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Caldo | A Traditional Soup from Goa

In Goa there are several distinct cuisines – Indian/Hindu, Indian-Portuguese/Christian-Catholic, and Muslim. They differ quite considerably. The cuisine that receives the most prominence in cookbooks and online is the food that derived from the Portuguese Catholic invasion of 1510 and occupation until 1961.

Many of the well known dishes of Goa – Xacuti and Vindaloo for example – derive from this period and originate from Portuguese dishes that, over time, were enhanced with Indian food and taste preferences. Some Indian dishes were integrated into the cuisine, and most likely were influenced with flavours adjusted to the tastes of the Portuguese.

This soup is another example. It is a very simple soup – you can’t imagine how tasty it is from the simple ingredients. It is derived from a Portuguese dish and forms the basis of other Goan soups. Although simple, it is also a festive dish, served at weddings. It is a mild soup, but the cheese and pepper add beautiful flavours. It is common in Goa to use stock cubes to add flavour, but I use some quickly made, home made vegetable stock.

Note that there is a similar soup, Caldo Verde, which includes Goan greens and potatoes. It is different to this recipe.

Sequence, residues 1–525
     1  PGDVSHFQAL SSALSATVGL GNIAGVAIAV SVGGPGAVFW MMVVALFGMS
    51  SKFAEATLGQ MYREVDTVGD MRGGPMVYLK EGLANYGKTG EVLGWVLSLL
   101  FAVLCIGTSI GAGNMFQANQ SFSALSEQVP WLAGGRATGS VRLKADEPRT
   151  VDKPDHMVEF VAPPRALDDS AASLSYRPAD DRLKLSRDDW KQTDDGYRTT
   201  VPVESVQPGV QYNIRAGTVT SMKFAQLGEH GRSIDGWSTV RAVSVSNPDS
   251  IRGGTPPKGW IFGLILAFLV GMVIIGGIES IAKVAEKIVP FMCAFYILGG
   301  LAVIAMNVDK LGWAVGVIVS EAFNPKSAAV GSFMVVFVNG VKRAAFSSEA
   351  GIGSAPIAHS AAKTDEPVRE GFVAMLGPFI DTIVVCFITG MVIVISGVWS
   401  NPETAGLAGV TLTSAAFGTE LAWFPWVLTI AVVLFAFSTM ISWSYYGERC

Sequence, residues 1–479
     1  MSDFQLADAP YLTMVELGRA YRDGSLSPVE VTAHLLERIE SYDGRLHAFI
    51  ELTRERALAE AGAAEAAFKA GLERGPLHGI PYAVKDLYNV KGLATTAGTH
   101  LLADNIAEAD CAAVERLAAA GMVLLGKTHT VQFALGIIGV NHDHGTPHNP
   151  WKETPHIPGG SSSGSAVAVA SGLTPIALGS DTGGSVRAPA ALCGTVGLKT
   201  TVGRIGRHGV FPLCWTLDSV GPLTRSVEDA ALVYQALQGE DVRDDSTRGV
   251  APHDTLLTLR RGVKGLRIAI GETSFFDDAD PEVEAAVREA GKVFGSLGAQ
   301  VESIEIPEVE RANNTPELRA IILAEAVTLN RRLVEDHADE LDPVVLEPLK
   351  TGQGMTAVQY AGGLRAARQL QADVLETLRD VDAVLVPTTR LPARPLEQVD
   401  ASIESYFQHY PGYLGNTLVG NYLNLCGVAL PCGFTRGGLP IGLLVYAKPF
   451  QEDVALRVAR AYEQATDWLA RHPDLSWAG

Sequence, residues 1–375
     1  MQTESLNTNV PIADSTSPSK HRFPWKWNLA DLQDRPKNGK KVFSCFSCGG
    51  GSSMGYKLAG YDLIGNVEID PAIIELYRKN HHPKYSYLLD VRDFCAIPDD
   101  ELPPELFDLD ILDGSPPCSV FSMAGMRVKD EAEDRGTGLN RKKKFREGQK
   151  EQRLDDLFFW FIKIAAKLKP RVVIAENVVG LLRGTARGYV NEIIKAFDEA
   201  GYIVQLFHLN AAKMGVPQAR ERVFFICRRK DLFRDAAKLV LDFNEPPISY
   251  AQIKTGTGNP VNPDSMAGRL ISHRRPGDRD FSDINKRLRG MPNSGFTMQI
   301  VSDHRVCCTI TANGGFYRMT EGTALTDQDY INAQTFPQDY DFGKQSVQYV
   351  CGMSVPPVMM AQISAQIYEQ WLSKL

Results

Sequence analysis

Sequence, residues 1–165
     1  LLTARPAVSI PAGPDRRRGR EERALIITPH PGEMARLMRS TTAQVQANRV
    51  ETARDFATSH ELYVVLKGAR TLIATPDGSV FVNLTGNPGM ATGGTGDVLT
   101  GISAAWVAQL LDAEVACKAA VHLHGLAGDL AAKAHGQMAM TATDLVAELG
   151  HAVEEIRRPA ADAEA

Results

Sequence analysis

Similar dishes include South Indian Palak Soup, Minty Cucumber Yoghurt Soup, Goan Vegetable Pulao, Goan Bisibelebath, and Fried Okra, Goan Style.

Browse all of our Indian Soups, and all of our Goan dishes. All of our Indian recipes are here, and our Indian Essentials are here. Or explore our Early Summer recipes.

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Bisi Bele Huriyanna | Bisi Bele Bath

Bisi Bele Bath, meaning hot lentil rice, is a much loved dish of the Karnataka and surrounding regions of South India. In some parts of Karnataka it is also known as Bisi bele huliyanna which means hot lentil sour rice. The dish usually includes a range of vegetables. “Huriyanna” is sometimes written as “Huliyanna”.

There are many modern versions of Bisi Bele Huliyanna. As the name suggests it has to be served hot. It tastes best when spices are seasoned in ghee and it is served as soon as it is cooked.

The rice and dal can be cooked together or separately. We have cooked them together today but added the rice after the dal has been cooking for some time. Cooked separately, it is a great way to use up left over cooked rice and/or toor dal, and makes it a very easy dish to prepare.